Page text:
Hero Car

Top Gear advise never to meet your hero car.  Of course, they're talking about the Ferrari California, Butatti Veyrons and Pugani Zondas.  Despite their warning, I bought my hero car without even seeing it in person.  Here is my Top Gear style review.
Just because it needed tons of bulbs, a new spare tire, lug nuts, new shocks, brake cylinders, ball joints, a front headlight, a radiator, and rear brakes, and just because it had a wobbly steering wheel, wing mirror, and muffler, and just because it has no air conditioning, radio, or automatic windows, and just because it has a few bumps and scratches, and a couple of rust spots doesn't mean that it isn't the most awesome car I've ever seen. Oh, and the interior light is falling out, and in a slight 40 year design flaw, the ignition coil is in the very front of the car, exposed to rain and susceptable to shorting.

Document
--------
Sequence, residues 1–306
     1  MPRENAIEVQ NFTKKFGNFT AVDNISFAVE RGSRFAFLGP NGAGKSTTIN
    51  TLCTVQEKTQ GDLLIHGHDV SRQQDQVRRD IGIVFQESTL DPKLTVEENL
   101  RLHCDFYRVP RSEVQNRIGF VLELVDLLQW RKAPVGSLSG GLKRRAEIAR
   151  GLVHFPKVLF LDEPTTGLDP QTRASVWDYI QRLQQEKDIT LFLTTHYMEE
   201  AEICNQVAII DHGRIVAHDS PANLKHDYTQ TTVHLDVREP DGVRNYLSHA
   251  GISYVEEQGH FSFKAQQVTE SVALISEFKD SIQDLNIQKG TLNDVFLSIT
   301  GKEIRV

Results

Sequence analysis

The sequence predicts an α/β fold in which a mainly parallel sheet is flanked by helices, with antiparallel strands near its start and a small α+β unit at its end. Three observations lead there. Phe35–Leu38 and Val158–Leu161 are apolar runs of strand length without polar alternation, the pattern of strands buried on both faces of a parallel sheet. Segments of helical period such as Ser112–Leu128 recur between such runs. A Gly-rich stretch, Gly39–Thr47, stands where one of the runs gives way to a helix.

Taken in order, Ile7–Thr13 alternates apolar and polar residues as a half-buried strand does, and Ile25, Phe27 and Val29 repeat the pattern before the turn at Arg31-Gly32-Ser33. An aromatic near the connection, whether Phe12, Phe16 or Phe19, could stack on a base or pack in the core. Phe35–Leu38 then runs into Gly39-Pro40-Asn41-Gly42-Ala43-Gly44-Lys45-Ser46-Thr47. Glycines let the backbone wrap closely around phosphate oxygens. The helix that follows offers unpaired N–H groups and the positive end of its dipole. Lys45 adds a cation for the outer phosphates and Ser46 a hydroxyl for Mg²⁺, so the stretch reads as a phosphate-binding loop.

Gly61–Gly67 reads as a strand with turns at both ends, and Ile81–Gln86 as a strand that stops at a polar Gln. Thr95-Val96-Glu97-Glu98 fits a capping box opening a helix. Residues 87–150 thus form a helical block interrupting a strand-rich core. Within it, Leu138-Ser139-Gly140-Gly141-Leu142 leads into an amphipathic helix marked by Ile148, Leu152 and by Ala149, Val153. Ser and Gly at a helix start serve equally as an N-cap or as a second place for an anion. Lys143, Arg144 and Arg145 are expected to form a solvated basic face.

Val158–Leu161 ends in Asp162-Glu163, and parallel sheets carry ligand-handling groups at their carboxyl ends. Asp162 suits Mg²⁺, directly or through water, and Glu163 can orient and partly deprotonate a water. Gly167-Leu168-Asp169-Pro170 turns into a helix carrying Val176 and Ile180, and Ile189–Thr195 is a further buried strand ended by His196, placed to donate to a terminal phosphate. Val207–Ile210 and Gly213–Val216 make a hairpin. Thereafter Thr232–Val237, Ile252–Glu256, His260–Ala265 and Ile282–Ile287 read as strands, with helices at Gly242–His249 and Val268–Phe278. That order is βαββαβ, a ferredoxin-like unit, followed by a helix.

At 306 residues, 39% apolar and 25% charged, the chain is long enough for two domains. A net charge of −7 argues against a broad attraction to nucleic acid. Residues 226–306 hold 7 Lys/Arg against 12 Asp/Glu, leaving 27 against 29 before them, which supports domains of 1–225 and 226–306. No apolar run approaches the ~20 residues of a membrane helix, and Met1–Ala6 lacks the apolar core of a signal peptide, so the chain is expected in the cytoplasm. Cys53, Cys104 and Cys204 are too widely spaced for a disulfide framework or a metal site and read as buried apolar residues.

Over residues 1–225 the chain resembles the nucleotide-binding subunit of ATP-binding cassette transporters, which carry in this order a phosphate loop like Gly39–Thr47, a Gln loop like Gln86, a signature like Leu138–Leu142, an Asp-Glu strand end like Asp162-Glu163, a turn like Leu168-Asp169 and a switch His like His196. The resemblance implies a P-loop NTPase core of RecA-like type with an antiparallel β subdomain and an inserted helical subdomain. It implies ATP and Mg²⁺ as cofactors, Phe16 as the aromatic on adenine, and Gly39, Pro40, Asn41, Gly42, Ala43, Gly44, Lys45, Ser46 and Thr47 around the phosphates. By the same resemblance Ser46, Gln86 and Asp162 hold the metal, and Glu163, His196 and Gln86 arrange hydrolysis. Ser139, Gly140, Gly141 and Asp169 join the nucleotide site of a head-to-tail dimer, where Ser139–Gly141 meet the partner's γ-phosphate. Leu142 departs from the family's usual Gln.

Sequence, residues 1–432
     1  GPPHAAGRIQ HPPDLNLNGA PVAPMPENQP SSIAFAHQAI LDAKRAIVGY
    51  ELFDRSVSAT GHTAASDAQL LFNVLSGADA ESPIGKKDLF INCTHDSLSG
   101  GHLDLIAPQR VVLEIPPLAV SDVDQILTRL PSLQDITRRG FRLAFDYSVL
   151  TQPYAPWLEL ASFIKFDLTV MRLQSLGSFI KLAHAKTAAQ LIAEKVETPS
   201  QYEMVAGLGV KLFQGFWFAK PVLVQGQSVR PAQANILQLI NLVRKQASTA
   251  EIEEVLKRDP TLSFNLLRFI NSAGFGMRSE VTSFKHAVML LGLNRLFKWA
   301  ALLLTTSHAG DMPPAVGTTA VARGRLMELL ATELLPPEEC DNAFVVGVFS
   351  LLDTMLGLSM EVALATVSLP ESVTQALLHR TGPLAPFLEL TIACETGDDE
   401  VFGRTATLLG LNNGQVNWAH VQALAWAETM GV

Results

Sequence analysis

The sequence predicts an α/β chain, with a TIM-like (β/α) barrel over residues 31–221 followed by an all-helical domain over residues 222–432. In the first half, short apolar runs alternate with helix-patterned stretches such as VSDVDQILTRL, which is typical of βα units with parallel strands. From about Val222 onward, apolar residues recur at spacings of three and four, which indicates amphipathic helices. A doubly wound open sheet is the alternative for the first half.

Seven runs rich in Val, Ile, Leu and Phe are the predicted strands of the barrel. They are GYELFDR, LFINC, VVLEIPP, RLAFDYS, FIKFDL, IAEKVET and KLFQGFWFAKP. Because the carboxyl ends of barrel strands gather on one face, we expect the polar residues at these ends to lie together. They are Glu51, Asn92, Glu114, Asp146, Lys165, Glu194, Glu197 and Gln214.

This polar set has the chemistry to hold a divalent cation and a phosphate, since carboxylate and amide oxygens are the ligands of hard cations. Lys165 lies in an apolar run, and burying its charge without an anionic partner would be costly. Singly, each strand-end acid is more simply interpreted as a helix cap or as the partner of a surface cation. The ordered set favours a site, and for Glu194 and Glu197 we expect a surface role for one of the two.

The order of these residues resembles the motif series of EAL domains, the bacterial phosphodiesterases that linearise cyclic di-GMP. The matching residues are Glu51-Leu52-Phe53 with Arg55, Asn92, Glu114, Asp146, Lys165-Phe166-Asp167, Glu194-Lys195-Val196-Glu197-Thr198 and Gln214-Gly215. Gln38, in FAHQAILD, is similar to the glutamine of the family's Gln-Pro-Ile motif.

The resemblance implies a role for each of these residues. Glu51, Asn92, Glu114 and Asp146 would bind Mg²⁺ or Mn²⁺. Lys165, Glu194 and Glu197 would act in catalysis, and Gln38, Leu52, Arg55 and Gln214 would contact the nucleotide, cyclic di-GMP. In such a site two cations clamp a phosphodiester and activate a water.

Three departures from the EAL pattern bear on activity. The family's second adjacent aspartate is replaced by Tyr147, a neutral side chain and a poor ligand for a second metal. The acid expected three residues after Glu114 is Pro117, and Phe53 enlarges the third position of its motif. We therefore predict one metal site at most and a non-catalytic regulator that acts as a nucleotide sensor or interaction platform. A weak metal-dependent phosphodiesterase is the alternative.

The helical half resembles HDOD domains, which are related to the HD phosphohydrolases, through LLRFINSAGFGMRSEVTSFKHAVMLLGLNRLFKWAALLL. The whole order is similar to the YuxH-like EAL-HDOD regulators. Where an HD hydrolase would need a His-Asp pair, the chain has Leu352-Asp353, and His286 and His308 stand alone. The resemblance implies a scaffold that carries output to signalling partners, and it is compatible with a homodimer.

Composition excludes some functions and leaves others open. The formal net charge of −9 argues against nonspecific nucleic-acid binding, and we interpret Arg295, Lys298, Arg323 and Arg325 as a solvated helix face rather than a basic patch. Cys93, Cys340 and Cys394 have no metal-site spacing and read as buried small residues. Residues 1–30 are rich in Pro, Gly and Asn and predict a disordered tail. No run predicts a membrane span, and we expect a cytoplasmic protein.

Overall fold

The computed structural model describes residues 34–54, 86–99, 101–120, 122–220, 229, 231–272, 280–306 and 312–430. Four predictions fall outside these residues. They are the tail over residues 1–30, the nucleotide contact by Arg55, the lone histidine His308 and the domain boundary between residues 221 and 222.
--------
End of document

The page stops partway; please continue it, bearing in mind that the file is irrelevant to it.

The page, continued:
It is beautiful in its simplicity.  When a car is 10x5x4 it can't be complicated.   It has just a speedo, temperature, and gas guage, it tells you everything you need to know.  Well, except for the gas guage, which is not exactly reliable.
It may be small but it doesn't need to be babied (despite the car cover) and it is getting a napoleonic complex because everyone underestimates it and pulls out in front of us.

Minis won rally races (and still do) not based on power and performance but on keen turning and a short wheel base.  And a Mini isn't fun to drive because it has loads of power and performance, but because you can make turns in 3rd gear and hug winding roads like nobody's business.   It's zero to 60 performance is acceptable at 38 seconds (I exaggerate).  And, thank God for new shocks.

What I'm trying to say is that if there is (an imperciptable) dip in post posting, it's because I'm out taking my Sunday drive. Er, sorry.  I'll be out motoring.